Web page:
Seeing the big picture: How visual cues contribute to neurofeedback training
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You may have heard it before. In order to change your behavior or accomplish a major life goal, you must visualize it first. It is common advice for attaining metaphorical or intangible concepts. But why is this so? How does seeing something make it easier to achieve? The answer lies within the current research of psychological training and treatment. Electroencephalography, neurofeedback and brain-computer interfaces all factor into effective strategies of recovery.

At a glance, neurofeedback technology is a progressive and relatively new method of training certain types of behavior in individuals. It has shown the most positive effects with clients suffering from attention deficit hyperactivity disorder (ADHD), as learning to control one’s thoughts is a critical aspect of both inattentive and hyperactive episodes. More research begins to support this type of feedback for other mental disorders, particularly post-traumatic stress disorder (PTSD).

As of now, academic sources state that neurofeedback and other self-regulating methods are on the rise in terms of use. The practice has steadily gained anecdotal support over the years and now a substantial amount of research has been accumulated. However, these same sources warn that hard, calculated data should outshine personal accounts of effectiveness. Many modern studies aim to support the need for measurable findings, including a 2013 trial that evaluated the neurofeedback training of 21 participants. Results highlighted the utility of the training for disorders such as post-traumatic stress disorder (PTSD) and the homeostatic nature of brain wave changes. Specifically, participants underwent an experience where focus and concentration were generally high during the neurofeedback sessions, but returned to a resting state afterward.

What does neurofeedback consist of?

These contemporary examples of neurofeedback studies explore the deeper mechanisms of change that take place within the brain, but understanding the entire process requires a breakdown of its key parts.

Many research endeavors are devoted solely to the implementation of new neurofeedback designs. One major element of this active brain training is electroencephalography or EEG. EEG is a recording procedure that measures the electrical activity of the brain with electrodes or other non-invasive applications. By placing sensors over specific areas of the head, EEG can decipher what sectors are being activated and if any activity is too high or low. With this level of accuracy, EEGs are able to diagnose brain-specific medical conditions such as epilepsy and other disorders concerning sleep, consciousness and brain damage.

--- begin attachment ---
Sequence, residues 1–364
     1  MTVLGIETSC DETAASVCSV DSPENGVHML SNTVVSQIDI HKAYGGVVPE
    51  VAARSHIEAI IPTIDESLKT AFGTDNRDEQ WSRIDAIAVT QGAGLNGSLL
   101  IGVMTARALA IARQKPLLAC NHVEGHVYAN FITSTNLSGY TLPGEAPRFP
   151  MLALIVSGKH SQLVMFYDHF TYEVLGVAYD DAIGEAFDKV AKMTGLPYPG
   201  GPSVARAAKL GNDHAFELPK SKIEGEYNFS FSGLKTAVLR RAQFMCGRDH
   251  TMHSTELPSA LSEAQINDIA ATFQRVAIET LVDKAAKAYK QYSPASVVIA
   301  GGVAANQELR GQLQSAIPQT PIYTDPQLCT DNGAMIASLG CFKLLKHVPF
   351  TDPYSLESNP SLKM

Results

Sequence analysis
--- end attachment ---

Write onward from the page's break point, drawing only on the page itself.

The second half of neurofeedback bridges the gap between mental health professionals and clients. Once clinicians and experts have collected a significant amount of information through the use of EEG, they communicate the raw findings to their visitors and apply positive behavior change in practice through visualization, which is accomplished through brain-computer interfaces.

  • The EEG electrodes record the brain electricity measurements and send them into the computer system
  • The computer system then splits the recorded data
  • Measurements are displayed for those trained in medicine through graphs and other numerical formats to evaluate the participant’s performance from a clinical perspective
  • For the participants, the collected data are translated into a visualized representation that helps structure one’s thoughts, feelings and behavior

For example, if a session is testing and training the person’s ability to maintain focus, a car will be shown driving straight on the road. If the person falters in concentration, the car will drift off the road. Depending on what the client sees, one can keep up or adjust how he or she is processing thoughts and get the desired response from the visualization. Gradually, this process will train an individual to recognize when he or she is swept up by dysfunctional thinking and inspire lasting behavioral change.

Learning how to change intangible thoughts in a voluntary manner is difficult to do without any notes or guidance. Neurofeedback and its associated procedures allow those dealing with a mental disorder to see exactly how to change themselves for the better. At Sovereign Health Group, neurofeedback and other cognitive retraining strategies are utilized to address conditions such as mental health disorders, addiction and co-occurring conditions. If you or someone close to you is afflicted with a disorder like ADHD, PTSD or any other disorders please contact a Sovereign representative online or call (866) 819-0427.

Written by Lee Yates, Sovereign Health Group writer

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